So, who decides if any of these Elizabethan men are or are not William Shakespeare? Apparently, there is a whole world of museum curators, art restorers, and scholars who debate things like this. And often, disagree. And maybe even, sometimes, hide or purposefully misrepresent their findings?

The author, though, is admittedly obsessive. Also an alcoholic, on Adderall, and at times addicted to pain killers. So, while some of these tales are indeed fascinating, we have to ask if he is predisposed to seeing things as “conspiracies.”

Another theory that arises from this world is one that I had heard of before, but didn’t realize was still hotly debated. And that is: was William Shakespeare even real? Obviously, his plays were. But were they written by someone else using a pen name? Or perhaps even by several authors? The various theories on who else might have written his works are peeked into in this book, and make for pretty scandalous reading at times.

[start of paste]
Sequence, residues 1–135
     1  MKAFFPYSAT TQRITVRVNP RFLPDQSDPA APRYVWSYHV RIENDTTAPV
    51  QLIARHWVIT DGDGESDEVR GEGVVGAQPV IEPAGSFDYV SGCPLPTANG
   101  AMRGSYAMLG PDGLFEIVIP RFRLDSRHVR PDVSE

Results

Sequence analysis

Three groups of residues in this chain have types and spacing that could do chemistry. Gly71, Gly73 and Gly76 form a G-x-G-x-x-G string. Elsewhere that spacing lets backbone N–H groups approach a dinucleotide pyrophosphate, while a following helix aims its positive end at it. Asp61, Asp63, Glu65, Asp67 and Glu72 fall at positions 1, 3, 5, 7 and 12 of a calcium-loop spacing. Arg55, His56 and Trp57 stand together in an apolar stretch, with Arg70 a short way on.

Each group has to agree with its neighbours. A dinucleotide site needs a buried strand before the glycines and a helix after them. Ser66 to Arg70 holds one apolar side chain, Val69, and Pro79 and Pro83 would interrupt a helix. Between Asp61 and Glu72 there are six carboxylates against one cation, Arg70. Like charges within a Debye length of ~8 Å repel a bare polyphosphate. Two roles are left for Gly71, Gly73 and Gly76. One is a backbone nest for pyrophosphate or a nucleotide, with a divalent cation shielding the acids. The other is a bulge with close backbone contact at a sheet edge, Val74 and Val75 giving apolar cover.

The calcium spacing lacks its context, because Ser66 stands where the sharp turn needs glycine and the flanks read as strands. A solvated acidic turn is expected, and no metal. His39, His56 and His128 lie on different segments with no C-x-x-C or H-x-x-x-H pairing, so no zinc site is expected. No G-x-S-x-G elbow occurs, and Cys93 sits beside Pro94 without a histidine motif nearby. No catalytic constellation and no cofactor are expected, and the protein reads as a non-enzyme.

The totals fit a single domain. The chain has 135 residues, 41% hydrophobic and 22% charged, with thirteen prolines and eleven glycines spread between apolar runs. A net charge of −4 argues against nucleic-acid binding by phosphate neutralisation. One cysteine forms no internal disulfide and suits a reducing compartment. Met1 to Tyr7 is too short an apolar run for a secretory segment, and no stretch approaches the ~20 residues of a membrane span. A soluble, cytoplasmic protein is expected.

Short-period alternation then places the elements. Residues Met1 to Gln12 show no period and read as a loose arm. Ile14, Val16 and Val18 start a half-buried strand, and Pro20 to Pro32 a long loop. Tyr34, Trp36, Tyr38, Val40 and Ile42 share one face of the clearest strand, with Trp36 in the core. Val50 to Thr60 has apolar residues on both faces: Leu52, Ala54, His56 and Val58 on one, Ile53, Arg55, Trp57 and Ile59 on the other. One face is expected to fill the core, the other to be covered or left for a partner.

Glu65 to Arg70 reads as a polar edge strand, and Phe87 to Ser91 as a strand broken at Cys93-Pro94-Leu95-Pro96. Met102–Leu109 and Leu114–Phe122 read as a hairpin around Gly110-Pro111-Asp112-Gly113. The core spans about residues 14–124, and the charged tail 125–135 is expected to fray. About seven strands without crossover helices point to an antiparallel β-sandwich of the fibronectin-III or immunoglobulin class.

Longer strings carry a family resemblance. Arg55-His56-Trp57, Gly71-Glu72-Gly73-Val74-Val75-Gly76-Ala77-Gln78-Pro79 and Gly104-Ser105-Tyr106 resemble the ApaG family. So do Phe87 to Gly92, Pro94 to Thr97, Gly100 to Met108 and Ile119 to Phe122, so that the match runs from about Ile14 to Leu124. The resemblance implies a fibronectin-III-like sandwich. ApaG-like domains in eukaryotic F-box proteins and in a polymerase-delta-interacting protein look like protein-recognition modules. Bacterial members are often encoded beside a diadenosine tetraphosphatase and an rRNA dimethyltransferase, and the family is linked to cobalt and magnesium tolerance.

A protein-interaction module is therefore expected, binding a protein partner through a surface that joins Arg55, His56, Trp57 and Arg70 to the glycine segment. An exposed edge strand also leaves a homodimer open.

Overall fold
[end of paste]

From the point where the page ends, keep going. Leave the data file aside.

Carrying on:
I enjoyed this one. Obviously, though, I like a good non-fiction, and have a passing interest in theatre stuff. I feel like it may get too “in the weeds” for a casual reader. It would easily appeal to fans of history, and specifically British and/or art history.

Shakespeare – if he really existed at all – has birth and death dates that are both in April. In honor of that, this book comes out today, April 18th. I was able to read ahead through NetGalley and the publisher, Scribner.

Success! You're on the list.

“The Man Without Shelter” by Indrajit Garai – Review

By: Angie Haddock